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Sole practitioners and barristers most at risk from naming and shaming, France says

7 November 2011

The impact of LeO’s new policy of publishing the names of individual lawyers and firms could be particularly serious for sole practitioners and barristers, Liz France, chair of the Office for Legal Complaints (OLC), has said.

The decision to ‘name and shame’ was taken by the board of the OLC, which supervises LeO, ending a three-year row between representative bodies such as the Law Society, which strongly opposed the move, and consumer groups, including the LSB’s consumer panel.

From April 2012, LeO will publish the names of a small number of lawyers immediately, where there has been a formal ombudsman’s decision and it is in the public interest to do so or where there has been a pattern of complaints.

From July 2012 details of all lawyers and firms will be published where a complaint has resulted in a formal decision, whether or not a remedy was required.

Speaking to Solicitors Journal this morning, France said that the impact of publishing names could be “serious, especially for sole practitioners and barristers, because they are individuals”.

She did not expect more than a “handful” of lawyers to be singled out for immediate naming and shaming, a decision which will be taken in every case by the board of the OLC.

“Looking back over the past year, we would have taken that decision in six cases,” France said. “They are the sort of people the profession would want to see named.”

The OLC was not under political pressure from the government to publish names, France said, though there was an “increasing demand” for transparency right across the different ombudsman services.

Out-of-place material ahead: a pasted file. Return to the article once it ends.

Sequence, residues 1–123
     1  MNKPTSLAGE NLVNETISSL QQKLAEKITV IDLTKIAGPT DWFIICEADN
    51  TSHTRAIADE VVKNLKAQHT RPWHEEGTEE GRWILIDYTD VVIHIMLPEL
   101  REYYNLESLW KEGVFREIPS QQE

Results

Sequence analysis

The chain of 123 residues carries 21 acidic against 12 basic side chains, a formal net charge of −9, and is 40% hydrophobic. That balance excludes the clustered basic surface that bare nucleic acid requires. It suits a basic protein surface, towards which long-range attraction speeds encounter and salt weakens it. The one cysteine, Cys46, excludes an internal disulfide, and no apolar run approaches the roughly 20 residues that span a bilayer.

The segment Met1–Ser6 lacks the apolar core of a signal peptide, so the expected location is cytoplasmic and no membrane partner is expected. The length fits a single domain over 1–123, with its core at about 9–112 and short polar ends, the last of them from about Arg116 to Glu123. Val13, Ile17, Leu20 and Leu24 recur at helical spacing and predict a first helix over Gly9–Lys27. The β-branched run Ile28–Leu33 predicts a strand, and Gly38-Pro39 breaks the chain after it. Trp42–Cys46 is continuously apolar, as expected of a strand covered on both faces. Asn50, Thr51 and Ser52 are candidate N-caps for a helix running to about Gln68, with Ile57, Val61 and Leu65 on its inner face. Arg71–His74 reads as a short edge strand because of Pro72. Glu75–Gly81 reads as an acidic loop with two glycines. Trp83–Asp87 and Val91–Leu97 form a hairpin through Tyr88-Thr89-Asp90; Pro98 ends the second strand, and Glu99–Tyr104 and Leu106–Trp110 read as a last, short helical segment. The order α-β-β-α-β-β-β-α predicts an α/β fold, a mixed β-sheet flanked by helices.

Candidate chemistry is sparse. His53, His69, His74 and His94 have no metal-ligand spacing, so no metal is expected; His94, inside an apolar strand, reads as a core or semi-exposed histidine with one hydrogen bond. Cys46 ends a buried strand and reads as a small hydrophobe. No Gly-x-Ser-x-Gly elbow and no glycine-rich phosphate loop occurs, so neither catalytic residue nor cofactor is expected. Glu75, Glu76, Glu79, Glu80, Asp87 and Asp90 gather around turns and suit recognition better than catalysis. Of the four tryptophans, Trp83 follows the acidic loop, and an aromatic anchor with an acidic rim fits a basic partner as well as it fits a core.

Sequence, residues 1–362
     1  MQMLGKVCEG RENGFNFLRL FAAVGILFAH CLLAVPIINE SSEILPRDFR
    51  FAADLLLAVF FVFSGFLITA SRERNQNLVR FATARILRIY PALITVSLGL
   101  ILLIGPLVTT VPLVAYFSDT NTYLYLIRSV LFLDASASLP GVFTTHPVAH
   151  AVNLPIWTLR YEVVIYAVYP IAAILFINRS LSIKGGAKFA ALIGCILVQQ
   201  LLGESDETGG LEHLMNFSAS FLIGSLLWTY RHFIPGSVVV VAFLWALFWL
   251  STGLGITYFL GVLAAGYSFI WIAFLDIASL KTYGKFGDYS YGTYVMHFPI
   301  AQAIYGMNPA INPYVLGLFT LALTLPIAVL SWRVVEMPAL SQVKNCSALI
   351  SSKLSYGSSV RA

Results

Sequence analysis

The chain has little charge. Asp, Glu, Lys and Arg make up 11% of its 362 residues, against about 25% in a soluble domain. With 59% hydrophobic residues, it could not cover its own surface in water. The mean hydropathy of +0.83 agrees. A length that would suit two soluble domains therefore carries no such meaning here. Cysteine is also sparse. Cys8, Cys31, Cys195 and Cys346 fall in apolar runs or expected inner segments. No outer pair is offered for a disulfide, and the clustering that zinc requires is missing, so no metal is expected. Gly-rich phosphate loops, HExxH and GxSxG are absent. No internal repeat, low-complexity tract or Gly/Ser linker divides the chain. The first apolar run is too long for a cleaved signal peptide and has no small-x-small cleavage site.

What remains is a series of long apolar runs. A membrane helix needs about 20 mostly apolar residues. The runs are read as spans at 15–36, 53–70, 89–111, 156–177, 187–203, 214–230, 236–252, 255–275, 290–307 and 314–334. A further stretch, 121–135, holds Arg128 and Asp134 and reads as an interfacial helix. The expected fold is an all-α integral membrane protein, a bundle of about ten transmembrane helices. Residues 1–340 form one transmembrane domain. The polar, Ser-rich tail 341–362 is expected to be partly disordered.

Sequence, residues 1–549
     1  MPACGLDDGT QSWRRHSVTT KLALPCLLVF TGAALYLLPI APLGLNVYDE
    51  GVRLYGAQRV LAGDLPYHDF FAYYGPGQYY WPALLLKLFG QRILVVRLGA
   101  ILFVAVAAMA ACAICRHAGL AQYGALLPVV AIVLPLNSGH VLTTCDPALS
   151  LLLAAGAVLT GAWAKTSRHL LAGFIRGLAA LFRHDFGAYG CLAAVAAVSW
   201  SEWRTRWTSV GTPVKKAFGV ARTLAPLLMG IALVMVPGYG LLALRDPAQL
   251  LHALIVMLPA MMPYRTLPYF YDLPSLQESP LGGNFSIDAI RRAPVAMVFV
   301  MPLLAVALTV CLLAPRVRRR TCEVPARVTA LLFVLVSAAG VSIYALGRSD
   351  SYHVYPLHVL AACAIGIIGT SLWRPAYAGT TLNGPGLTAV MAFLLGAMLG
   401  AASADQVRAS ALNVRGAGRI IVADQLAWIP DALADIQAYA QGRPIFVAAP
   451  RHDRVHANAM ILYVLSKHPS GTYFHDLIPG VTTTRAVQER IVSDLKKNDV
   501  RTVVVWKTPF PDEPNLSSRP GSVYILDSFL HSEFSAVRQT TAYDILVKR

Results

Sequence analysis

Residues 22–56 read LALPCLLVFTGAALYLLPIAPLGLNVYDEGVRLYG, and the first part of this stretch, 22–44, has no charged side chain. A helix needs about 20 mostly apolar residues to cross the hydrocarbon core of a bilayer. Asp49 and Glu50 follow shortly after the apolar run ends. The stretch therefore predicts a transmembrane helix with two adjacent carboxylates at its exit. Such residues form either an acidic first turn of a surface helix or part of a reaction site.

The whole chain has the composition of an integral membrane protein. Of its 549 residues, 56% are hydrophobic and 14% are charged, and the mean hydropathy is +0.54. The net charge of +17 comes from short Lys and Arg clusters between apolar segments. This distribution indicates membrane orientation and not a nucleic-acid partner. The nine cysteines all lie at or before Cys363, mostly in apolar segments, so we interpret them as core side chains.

However, she said the decision to name lawyers and firms was not one was not something that “we could leave in the air any longer”.

She said the board did not want publication to have a “chilling effect” on firms in sectors such as immigration and mental health, which generate a particularly high number of complaints.

As a result, she said the type of work carried out by firms would be clearly stated. France said the board wanted to publish all decisions, with and without a remedy, partly because a complainant can insist on a formal decision. She said that around a third of LeO’s annual caseload of 7,000 cases resulted in a formal decision.

She added that the new policy would be reviewed in a year’s time.

LeO has been publishing anonymised details of decisions since June this year. The move was described as “excessively cautious and consumer unfriendly” by the LSB’s consumer panel (see Solicitors Journal 155/13, 5 April 2011).

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